David Jones, artist and poet (1895-1974) begins his PREFACE TO THE ANATHEMATA :

'I have made a heap of all that I could find.' (1) So wrote Nennius, or whoever composed the introductory matter to Historia Brittonum. He speaks of an 'inward wound' which was caused by the fear that certain things dear to him 'should be like smoke dissipated'. Further, he says, 'not trusting my own learning, which is none at all, but partly from writings and monuments of the ancient inhabitants of Britain, partly from the annals of the Romans and the chronicles of the sacred fathers, Isidore, Hieronymous, Prosper, Eusebius and from the histories of the Scots and Saxons although our enemies . . . I have lispingly put together this . . . about past transactions, that [this material] might not be trodden under foot'. (2)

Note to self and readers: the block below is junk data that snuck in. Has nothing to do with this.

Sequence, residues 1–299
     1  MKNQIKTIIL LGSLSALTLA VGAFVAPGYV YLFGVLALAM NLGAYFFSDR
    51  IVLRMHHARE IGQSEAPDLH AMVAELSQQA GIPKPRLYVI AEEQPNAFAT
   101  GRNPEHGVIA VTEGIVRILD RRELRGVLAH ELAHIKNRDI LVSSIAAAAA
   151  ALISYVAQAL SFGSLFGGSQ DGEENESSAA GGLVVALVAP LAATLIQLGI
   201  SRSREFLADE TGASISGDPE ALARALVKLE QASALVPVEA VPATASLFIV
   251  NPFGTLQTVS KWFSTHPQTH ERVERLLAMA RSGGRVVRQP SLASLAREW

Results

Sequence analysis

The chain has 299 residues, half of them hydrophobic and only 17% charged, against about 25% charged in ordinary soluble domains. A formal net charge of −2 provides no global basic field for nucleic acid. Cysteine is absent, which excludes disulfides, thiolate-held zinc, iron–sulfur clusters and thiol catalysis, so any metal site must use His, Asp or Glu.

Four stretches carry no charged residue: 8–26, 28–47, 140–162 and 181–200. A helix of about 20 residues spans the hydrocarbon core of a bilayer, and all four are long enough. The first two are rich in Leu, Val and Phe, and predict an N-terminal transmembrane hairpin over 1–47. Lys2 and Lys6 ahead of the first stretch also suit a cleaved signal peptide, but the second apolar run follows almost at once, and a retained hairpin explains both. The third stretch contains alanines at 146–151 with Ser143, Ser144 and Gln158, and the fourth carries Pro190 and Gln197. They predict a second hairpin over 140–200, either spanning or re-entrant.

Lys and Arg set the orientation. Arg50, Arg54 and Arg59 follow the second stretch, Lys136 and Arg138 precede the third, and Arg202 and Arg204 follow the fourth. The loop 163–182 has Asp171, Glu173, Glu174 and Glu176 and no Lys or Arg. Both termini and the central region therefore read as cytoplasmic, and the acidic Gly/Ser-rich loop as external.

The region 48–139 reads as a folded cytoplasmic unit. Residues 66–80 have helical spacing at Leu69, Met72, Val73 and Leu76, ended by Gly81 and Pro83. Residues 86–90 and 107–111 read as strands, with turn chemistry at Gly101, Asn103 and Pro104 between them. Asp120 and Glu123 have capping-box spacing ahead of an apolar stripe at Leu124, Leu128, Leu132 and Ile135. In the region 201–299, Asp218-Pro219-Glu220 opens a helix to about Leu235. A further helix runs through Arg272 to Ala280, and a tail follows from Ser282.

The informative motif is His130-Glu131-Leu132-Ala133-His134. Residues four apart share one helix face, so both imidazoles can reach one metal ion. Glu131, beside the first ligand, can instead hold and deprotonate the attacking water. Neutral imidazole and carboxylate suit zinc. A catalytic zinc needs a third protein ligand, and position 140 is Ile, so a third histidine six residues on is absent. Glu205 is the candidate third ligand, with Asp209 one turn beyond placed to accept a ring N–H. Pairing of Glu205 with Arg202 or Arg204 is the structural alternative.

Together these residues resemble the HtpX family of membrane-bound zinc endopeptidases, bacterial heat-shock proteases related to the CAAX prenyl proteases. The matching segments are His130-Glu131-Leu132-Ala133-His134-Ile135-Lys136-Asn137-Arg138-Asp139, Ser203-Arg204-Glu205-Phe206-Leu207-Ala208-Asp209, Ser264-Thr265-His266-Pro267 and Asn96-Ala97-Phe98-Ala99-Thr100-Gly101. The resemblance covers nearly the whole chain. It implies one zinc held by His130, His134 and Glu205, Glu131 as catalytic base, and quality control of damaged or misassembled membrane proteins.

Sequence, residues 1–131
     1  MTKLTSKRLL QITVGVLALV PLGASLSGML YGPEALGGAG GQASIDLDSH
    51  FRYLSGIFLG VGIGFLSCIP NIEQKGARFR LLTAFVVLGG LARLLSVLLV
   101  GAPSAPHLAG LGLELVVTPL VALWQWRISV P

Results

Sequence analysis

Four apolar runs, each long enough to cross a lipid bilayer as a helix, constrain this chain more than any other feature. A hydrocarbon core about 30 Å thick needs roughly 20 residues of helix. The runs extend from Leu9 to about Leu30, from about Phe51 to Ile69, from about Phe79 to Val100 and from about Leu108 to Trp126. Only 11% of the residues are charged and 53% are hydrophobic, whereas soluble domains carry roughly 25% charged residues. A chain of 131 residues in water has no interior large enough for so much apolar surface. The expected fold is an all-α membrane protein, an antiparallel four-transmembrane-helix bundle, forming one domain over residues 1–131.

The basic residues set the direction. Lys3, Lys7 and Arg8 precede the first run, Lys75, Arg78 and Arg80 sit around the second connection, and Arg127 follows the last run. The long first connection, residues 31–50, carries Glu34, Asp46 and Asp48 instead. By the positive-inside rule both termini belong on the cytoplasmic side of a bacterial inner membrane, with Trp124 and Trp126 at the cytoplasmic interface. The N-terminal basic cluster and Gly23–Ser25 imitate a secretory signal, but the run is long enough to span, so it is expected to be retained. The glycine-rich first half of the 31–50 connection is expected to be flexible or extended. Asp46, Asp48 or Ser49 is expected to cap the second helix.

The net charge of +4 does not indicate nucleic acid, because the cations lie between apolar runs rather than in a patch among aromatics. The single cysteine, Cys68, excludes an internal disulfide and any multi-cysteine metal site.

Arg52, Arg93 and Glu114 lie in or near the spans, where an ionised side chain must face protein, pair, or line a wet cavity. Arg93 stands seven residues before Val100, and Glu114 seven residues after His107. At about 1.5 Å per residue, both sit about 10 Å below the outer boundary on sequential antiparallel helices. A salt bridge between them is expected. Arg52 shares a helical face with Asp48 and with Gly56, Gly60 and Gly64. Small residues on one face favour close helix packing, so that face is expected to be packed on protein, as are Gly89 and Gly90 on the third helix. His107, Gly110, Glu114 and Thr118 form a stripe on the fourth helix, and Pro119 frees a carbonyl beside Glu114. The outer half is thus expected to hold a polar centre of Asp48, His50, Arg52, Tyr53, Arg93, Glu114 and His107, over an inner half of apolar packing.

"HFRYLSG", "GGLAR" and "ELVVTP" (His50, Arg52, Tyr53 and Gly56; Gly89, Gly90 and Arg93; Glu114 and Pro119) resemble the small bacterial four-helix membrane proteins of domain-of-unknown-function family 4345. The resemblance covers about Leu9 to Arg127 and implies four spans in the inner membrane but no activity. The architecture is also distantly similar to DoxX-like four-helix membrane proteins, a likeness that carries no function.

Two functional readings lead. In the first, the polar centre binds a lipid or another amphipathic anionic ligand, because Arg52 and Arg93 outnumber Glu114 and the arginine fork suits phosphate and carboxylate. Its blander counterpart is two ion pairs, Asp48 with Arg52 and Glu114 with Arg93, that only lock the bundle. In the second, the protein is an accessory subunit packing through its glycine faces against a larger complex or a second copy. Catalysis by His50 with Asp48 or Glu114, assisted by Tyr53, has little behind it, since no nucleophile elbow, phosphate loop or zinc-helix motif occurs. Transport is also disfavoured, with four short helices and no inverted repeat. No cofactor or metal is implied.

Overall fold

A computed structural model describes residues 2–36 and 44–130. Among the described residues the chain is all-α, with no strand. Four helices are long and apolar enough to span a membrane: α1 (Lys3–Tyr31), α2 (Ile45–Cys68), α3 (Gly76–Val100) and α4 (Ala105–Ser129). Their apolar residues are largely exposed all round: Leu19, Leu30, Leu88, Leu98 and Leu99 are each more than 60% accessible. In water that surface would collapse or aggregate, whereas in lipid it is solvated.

(1) The actual words are coacervavi omne quod inveni, and occur in Prologue 2 to the Historia.
(2) Quoted from the translation of Prologue 1. See The Works of Gildas and Nennius, J.A.Giles, London 1841.

30 March 2015

New Angel, Old Angel

old angels young angels feel alright
on a warm San Franciscan night

   - 'San Franciscan Nights'
   Eric Burdon & The Animals, 1967
Yesterday, hereabouts, a transport of young angels passed by

Today, another such sighting : 
Paul Klee's Angelus Novus (New Angel) 1920,
spiriting to Venice to see what the summoning fuss is all about

click image to enlarge   
A Person Looks At A Work Of Art/
someone looks at something...